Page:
In the best government giveaway since cheese handouts from the Reagan Administration, Congress has voted to provide consumers $40 vouchers to buy digital-to-analog converter boxes. Essentially, Congress is budgeting $1.5 billion for millions of Americans who don't need the money -- so that they can keep using obsolete technology. Moreover, most people won't notice a change in 2009. They will already have digital TVs (all new sets sold after mid-2007 must be digital), or they will still be subscribing to cable or satellite services that can send digital signals even to analog TVs. One universally acknowledged truth -- even in Congress -- is that the people who gobble up many of those vouchers will not be needy. Millions of households with satellite dishes and new big-screen TVs also have at least one old analog set lying around, and each family is entitled to two $40 vouchers. As we learned when many of the non-poor joined long queues for Reagan cheese, Americans would stand in line for marmoset pelts if they were labeled "free." To encourage such grabbiness in 2009, Congress has earmarked $5 million for voucher advertising. Mark your calendars.

These comments stir up echoes of Reagan-era "welfare queen" mythmaking, and they provide some pretty strong evidence of where the Wall Street Journal editorial board's sympathies--or lack thereof--lie.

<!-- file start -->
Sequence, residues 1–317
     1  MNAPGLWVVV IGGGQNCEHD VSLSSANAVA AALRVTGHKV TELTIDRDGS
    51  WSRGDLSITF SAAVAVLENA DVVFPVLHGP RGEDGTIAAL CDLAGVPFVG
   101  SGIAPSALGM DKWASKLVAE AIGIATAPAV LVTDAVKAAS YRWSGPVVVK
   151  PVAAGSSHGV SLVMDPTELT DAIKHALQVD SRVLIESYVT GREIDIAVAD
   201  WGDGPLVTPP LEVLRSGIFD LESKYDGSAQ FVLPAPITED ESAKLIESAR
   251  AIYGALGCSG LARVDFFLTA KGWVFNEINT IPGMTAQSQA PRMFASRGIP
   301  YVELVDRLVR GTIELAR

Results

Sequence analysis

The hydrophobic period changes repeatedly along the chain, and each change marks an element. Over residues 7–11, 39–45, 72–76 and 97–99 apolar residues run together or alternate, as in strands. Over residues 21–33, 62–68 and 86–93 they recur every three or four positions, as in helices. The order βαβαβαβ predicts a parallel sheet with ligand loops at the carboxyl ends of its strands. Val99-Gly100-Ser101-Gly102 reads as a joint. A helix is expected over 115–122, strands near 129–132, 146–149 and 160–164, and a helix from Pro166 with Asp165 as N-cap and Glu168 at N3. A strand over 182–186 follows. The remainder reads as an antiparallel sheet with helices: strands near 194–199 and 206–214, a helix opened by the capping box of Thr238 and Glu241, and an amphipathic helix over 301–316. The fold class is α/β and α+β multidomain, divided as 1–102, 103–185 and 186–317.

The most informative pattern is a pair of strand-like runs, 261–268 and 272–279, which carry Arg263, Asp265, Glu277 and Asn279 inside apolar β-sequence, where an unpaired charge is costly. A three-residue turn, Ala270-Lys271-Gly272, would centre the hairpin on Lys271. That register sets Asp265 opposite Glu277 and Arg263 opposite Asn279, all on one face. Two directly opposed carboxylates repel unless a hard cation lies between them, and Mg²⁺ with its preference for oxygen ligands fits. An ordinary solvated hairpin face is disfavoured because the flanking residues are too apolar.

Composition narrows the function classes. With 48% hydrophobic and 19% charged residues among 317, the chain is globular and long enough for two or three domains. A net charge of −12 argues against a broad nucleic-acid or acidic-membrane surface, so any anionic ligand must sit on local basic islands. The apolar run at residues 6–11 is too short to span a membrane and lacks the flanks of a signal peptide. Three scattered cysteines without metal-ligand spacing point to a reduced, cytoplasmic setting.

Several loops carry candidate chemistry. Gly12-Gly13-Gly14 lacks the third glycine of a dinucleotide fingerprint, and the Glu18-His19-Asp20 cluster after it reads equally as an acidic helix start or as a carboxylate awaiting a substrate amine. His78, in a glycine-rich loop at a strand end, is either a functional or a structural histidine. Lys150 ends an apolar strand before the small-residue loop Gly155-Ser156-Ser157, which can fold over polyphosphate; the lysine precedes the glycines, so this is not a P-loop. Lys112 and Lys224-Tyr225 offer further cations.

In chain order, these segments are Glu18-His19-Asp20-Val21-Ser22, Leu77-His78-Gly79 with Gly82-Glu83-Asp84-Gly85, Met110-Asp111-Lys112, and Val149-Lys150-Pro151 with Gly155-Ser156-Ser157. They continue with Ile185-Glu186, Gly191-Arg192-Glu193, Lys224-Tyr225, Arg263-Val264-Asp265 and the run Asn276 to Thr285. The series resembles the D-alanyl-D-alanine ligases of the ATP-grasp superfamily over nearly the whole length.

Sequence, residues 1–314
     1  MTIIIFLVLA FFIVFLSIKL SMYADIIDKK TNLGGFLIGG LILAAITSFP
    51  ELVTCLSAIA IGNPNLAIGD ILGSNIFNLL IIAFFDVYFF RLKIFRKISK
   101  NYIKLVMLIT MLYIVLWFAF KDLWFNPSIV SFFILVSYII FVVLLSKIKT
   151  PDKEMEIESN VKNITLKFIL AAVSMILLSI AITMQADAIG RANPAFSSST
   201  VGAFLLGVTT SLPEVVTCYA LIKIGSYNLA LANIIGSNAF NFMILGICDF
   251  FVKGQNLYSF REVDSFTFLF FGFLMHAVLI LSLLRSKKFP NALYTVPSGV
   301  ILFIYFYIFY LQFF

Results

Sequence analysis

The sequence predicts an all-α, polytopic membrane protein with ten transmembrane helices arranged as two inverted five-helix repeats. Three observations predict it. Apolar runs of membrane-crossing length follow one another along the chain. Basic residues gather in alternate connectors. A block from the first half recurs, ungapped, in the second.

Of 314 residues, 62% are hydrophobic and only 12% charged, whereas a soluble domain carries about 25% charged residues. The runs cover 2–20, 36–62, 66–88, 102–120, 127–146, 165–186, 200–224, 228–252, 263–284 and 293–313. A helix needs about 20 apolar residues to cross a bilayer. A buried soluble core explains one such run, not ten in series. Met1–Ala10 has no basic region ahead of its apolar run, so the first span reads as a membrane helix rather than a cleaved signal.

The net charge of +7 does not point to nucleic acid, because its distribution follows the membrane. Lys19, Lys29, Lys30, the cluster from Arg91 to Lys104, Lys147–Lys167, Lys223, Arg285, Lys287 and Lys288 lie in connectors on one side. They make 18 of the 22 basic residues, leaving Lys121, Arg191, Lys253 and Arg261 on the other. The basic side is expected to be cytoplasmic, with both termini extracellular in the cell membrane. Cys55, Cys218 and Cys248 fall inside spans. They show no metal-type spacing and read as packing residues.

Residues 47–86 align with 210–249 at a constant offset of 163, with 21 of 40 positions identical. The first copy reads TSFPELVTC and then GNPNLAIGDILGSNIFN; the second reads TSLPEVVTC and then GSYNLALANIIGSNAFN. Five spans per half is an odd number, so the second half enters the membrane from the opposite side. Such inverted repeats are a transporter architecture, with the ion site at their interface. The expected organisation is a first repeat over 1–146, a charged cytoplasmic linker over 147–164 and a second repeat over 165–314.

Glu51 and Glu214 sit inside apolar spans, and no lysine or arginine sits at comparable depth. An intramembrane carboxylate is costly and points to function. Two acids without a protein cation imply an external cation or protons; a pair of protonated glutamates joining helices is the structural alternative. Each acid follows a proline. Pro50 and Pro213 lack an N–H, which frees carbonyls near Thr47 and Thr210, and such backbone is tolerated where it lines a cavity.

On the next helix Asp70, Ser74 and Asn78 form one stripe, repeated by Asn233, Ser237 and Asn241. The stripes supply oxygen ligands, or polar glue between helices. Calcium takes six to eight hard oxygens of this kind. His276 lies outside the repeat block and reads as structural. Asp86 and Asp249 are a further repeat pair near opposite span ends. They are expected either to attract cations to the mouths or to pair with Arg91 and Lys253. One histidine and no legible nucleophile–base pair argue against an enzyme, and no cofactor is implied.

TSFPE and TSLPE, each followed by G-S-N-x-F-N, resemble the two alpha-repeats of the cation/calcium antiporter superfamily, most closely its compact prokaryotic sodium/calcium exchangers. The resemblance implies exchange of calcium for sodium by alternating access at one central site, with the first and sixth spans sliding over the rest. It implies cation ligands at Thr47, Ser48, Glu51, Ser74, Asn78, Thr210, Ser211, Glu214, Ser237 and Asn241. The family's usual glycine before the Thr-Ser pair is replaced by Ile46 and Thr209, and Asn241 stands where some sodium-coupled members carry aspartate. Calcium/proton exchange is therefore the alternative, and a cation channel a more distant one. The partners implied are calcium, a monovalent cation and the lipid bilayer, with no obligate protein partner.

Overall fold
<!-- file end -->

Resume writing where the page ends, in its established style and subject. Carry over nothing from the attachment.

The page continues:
Wednesday, January 04, 2006

The Korean Cloning Scandal: A Win for Science

As usual, lies, deceptions and frauds were a part of American news in 2005. We are forever plagued with those willing to abuse the trust of others for personal and political gain. However, science is a pursuit that grows stronger as individuals engage in errors and deceptions.

In politics, sports, business, journalism and most other fields, deception is detrimental to the entire endeavor because the average person “knows” those who get caught represent only a portion of the guilty. January 4 newspapers reported Jack Abramoff’s role in a new political scandal. The public looks at what has been revealed and infers that there is more to this iceberg beneath the surface. (Tom DeLay probably regrets calling Abramoff “one of my closest and dearest friends.”) Jose Canseco’s steroid admissions caused doubters to look more closely at Rafael Palmeiro, Barry Bonds and others. Public cynicism was confirmed when Palmeiro tested positive for steroids and Bonds admitted “inadvertent” steroid use. Enron, Global Crossing, Adelphia, and Tyco only convince us that there is much more undetected deceit in the business sector. Judith Miller’s faulty reporting on Iraqi WMDs and Jayson Blair’s plagiarism and deception impacted the New York Times and journalism. Regarding journalists, even Bill O’Reilly, a leading contender for “Most Irrational Public Figure,” said December 29, “Any kind of irrationality on the part of the American media impedes the honest flow of information and causes damage to our system of checks and balances.” (Most Irrational Public Figure is not a real award—but it should be.)